Although most respiratory papillomatosis starts in childhood, some patients develop symptoms in adulthood. While adult-onset disease is milder, patients often still require multiple surgeries to be free of the characteristic lesions and the associated hoarseness.
Explore This IssueJuly 2006
In a joint phone interview, two leading experts in respiratory papillomatosis discussed the diagnosis and management of adult patients. Blake Simpson, MD, is Associate Professor and Deputy Chair of the Otolaryngology–Head and Neck Center at the University of Texas Health Science Center in San Antonio. Clark A. Rosen, MD, is Associate Professor of Otolaryngology at the University of Pittsburgh School of Medicine (Pa.), where he is the Director of the Voice Center.
“Adult respiratory papillomatosis is going to be a much less aggressive course than what otolaryngologists are used to seeing with children,” said Dr. Simpson. “These lesions grow slower, and patients go longer intervals between surgeries. Adult patients do better than children.”
Although the route of transmission is known to be perinatal in children, the transmission of adult-onset disease is unknown, he added. “My theory is that people with adult onset were probably were born with it,” he said. “It lives in the tissue of their larynx and with aging, the immune surveillance system isn’t as vigilant, and the papilloma starts growing.” He noted that this development can happen at any age. “I’ve seen it surface in 70-year-olds.”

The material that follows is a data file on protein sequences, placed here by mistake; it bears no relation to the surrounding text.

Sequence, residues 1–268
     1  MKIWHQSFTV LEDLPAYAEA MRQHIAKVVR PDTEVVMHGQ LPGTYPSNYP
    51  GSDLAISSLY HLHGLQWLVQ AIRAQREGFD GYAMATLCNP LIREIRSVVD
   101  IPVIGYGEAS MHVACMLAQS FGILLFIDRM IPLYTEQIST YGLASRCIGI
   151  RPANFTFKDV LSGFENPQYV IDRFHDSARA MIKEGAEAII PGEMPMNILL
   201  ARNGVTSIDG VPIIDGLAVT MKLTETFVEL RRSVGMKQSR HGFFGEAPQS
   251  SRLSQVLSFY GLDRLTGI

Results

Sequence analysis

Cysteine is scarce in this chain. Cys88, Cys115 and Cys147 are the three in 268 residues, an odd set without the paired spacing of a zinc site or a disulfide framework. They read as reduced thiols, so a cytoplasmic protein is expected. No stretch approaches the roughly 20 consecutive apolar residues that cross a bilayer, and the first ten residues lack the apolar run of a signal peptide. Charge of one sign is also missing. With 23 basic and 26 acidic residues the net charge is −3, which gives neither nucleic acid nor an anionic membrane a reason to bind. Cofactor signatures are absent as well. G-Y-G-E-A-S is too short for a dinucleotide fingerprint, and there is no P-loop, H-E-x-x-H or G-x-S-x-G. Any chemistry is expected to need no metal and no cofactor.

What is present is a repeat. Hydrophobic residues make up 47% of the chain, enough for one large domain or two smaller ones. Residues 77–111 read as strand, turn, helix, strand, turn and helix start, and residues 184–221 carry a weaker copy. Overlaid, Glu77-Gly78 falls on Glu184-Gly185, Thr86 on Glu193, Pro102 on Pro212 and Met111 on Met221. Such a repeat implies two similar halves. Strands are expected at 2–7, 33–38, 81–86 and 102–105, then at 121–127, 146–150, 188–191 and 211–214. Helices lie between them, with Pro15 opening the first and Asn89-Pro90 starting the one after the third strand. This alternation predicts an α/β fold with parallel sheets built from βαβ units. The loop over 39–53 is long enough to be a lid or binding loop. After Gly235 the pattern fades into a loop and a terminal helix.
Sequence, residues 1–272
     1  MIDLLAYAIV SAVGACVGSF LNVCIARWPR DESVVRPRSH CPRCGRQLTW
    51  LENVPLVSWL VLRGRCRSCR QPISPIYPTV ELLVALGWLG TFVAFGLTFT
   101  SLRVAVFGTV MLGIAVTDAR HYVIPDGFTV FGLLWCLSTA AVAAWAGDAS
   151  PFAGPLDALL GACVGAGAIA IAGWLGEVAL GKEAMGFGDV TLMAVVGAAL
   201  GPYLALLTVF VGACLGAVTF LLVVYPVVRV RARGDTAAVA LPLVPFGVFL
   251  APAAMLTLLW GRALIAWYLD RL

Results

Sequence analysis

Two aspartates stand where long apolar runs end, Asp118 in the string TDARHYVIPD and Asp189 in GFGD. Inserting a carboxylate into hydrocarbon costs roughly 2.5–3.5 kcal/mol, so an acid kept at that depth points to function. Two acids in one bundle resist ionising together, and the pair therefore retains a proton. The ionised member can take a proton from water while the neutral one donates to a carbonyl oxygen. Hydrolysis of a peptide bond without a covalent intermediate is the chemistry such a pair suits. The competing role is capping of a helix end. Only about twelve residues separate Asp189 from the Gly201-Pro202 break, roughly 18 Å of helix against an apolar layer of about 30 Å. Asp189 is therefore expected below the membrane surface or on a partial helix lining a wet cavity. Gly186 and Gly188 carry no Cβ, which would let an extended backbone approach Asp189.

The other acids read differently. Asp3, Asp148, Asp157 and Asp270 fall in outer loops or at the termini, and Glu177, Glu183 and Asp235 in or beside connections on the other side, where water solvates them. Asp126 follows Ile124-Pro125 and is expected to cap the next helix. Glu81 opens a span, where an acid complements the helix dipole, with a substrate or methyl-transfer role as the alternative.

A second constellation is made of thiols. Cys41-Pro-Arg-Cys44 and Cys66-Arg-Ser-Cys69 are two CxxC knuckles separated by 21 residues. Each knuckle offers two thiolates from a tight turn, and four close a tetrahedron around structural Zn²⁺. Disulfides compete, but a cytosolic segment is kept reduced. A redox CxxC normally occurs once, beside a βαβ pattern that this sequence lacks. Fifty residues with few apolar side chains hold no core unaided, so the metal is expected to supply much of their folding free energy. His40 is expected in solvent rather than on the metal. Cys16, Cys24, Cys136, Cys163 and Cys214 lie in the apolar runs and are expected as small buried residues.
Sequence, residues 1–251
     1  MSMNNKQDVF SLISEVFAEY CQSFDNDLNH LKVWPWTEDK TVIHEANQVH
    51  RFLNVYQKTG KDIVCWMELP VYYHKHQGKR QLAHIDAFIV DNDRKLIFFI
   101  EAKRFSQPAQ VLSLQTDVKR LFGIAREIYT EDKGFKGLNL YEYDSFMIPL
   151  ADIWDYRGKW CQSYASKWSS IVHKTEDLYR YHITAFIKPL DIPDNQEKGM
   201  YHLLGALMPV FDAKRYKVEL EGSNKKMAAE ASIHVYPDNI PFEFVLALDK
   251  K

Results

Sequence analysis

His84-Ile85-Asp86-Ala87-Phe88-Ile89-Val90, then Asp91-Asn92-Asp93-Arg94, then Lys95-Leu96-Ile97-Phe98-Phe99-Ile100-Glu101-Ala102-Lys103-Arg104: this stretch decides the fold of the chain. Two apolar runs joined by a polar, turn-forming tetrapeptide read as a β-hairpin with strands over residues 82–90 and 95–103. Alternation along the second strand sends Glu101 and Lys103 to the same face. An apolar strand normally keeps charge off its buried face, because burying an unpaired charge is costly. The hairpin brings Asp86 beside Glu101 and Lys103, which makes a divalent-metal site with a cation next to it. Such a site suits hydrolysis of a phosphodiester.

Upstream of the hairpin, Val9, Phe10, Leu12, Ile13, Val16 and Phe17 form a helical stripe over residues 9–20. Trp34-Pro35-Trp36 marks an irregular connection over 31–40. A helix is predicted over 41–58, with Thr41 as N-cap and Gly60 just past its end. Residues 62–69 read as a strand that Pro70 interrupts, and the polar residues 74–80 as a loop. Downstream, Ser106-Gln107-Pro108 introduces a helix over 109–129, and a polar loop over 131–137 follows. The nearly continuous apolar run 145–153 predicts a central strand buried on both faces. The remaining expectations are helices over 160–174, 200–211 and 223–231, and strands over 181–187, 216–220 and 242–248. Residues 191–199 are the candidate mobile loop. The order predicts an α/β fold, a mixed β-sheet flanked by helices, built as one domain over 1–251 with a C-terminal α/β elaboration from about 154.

People with adult-onset disease, then, may have had a perinatal transmission that has been dormant throughout their lives. “When you take the papilloma lesion off along with some normal adjacent tissue, you’ll find the virus in both the affected and the apparently healthy tissue,” Dr. Simpson said. “I think this phenomenon explains why the condition is milder in adults: they may have been living with it all their lives. There are a couple of theories about how adults get it, but perinatal transmission and subsequent dormancy is the only one that makes sense regarding how adults get the disease.”
Although the route of transmission is known to be perinatal in children, the transmission of adult-onset disease is unknown.
What to Look For
Patients with adult respiratory papillomatosis typically have little unique in their presentation, Dr. Simpson said. “If a 20- to 60-year-old patient says he or she has been hoarse for the past several years, there could be many causes,” he said. “They typically have gradually progressive hoarseness.” Again, this report alone would not lead down the papillomatosis pathway. “However, if the patient says, ‘I’ve had two surgeries with polyps removed,’ papillomatosis may be the cause. The whole differentiating thing about papilloma is that it recurs. If it recurs, it’s almost always papilloma.”